sAMAccountName, pwdLastSet, lockoutTime, lastLogon, logonCount, badPwdCount, and badPasswordTime. The last four are not replicated. The script is linked here:
Troubleshoot Account Bad Password Attempts
For these tests the current password of the user was "Pas$00". The most recent password in password history was "Pas$01". The second most recent was "Pas$02", and so on. The fifth most recent password, "Pas$05" was not retained in password history because
pwdHistoryLength is 4.
In the table below, the first column, labeled "Elapsed", is the time in minutes and seconds since the badPasswordTime attribute was updated on a domain controller. "Client (DC)" shows the client computer used by the user when the logon was attempted, with
the name of the domain controller that the client is connected to in parentheses. This would be the value of the "LogonServer" environment variable on the client. The third column in the table is the password used in the logon attempt. Next in the table are
the results found on three domain controllers after the logon attempt. One DC was the LogonServer, where the logon request was handled. The other DC was not affected, but the DC that holds the PDC Emulator role, designated by "PDCe",
is always updated. For each of the three DCs, the column labeled "Count" is the value of the badPwdCount attribute for the user. The column labeled "Time" is the value of the badPasswordTime attribute on the DC.
The test results are documented below. Bad password attempts that increment badPwdCount and update badPasswordTime are highlighted in red. Bad password attempts that do not increment badPwdCount or update badPasswordTime are highlighted in orange. A successful
logon is highlighted in green.
Notice that the DC with the PDC Emulator role always has the latest information, even though in these tests it is never the DC that handles the logon attempt. Whenever a DC finds that a logon attempt has a bad password, it immediately contacts the PDC Emulator
to check if the password was recently changed. If the PDC Emulator replies that the password is still bad, it increments the value of badPwdCount and updates the value of badPasswordTime for that user on the PDC Emulator. In this way, these values on the PDCe
always reflect the true values for the user, unless the PDCe is not available. Any documentation that implies you must query all domain controllers in the domain and add the badPwdCount on each to get the true value is wrong on this point. The most up-to-date
values of badPasswordTime and badPwdCount should always be on the PDC Emulator.
The lockoutObservationWindow is 5 minutes for these tests. The first three bad password attempts in the table above cause the badPwdCount on DC01 to increment to 3. For the next three bad password attempts badPwdCount is not incremented because the passwords
are among the 2 most recent values in password history. By the time the next bad password is attempted that increments the count, almost 12 minutes has elapsed since badPasswordTime last updated. This exceeds the value of lockoutObservationWindow, so the count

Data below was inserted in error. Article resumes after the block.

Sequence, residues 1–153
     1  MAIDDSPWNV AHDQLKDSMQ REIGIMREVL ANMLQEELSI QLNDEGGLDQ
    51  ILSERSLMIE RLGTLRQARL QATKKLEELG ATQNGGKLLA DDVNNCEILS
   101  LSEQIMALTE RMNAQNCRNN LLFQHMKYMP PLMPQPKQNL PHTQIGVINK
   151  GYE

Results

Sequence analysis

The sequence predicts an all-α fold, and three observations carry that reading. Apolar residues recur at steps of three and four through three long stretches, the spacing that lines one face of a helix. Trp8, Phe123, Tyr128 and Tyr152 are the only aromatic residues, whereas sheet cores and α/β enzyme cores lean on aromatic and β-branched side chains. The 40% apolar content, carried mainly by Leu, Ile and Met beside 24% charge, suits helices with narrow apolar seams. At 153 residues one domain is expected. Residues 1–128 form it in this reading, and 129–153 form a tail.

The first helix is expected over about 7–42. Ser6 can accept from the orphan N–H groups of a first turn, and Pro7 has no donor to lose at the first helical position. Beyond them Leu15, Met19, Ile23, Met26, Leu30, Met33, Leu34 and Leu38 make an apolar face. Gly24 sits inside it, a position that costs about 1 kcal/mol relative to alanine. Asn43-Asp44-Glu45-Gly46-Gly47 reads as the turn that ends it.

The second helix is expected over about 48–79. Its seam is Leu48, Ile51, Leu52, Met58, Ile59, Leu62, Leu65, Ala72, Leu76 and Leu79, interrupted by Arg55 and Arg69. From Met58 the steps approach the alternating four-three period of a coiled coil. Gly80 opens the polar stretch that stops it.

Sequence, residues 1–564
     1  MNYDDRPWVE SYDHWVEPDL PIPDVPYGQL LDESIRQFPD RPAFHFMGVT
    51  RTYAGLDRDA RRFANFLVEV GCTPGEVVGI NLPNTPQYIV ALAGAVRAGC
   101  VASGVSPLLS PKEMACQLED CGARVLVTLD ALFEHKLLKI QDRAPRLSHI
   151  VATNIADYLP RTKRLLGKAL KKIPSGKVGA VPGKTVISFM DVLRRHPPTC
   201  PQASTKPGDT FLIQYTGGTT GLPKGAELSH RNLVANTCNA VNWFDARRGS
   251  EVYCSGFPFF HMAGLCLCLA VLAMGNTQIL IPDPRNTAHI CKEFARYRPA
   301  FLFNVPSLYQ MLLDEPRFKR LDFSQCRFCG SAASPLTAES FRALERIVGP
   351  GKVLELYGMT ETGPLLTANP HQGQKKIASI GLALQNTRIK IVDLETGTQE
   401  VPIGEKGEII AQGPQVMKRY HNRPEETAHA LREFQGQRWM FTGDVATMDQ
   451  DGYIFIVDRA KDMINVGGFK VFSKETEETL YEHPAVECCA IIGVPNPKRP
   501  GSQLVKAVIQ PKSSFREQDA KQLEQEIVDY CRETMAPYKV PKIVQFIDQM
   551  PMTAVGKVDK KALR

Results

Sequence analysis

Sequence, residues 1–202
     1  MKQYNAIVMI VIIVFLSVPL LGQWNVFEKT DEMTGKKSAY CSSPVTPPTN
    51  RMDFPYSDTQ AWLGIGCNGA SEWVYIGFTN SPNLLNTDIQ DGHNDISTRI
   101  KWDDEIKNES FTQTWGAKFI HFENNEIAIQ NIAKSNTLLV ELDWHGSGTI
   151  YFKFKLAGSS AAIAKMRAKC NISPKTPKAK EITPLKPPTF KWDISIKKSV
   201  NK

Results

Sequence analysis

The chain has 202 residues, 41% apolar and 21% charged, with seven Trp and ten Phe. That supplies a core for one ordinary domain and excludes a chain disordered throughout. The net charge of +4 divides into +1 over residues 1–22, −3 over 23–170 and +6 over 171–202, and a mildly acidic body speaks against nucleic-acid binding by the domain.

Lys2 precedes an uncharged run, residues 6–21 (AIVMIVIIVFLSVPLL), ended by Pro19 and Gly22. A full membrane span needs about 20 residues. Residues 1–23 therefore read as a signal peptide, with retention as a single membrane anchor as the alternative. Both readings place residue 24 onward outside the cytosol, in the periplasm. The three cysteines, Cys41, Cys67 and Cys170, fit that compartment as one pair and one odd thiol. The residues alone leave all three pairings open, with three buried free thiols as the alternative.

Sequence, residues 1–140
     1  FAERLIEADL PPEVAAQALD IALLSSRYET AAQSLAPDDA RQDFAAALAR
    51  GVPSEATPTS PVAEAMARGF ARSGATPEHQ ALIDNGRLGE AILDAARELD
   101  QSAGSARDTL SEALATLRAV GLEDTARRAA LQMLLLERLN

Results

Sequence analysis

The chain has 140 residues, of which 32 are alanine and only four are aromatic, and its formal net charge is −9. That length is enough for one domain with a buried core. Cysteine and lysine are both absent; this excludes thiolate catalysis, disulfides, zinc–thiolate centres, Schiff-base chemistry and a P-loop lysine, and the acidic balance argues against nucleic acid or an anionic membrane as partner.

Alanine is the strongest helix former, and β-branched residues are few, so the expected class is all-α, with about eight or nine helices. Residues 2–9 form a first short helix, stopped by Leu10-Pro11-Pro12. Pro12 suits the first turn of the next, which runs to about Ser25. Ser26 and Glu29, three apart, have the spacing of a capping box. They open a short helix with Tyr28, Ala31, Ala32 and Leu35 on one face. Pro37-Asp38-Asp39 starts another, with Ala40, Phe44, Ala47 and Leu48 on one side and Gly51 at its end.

is reset and badPwdCount is back to 1. After this several more bad password attempts increment badPwdCount to 3 and update badPasswordTime. The final password attempt on client "WS01" is a password among the 2 most recent in password history, so neither badPwdCount
nor badPasswordTime are updated.
Next, the bad password attempts switch to client "WS02", which is connected to "DC02". The first logon attempt on this client is again a password among the 2 most recent in history, so nothing is updated. But the next two attempts now increment badPwdCount
and update badPasswordTime on "DC02". After this, the count on "DC01" is 3 and the count on "DC02" is 2, but because the bad password attempts were forwarded to the DC with the PDC Emulator role, this DC now reflects the total bad password attempts. "DC03"
has badPwdCount of 5 and badPasswordTime of 42:55. Since lockoutObservationWindow was not exceeded, the account is locked out.
The next two logon attempts after the account is locked do not update any of the attributes. The user gets the message that the account is locked, even when the correct password, "Pas$00", is used. The final logon attempt in the table succeeds because the
lockoutDuration has expired. At this point, badPwdCount resets to zero on all DC's, but badPasswordTime remains unchanged.
One conclusion is that lockoutObservationWindow is the maximum amount of time between bad password attempts that update badPasswordTime before badPwdCount will reset. If a bad password attempt is made on a DC, and the current time exceeds badPasswordTime
plus lockoutObservationWindow, then badPwdCount is reset to 1. Then badPasswordTime on the DC is updated to the current time.
Because the domain controller with the PDC Emulator role is so important, we consider what happens if this DC is not available. Several tests were run with the DC that has the PDC Emulator role offline. Typical results are in the table below.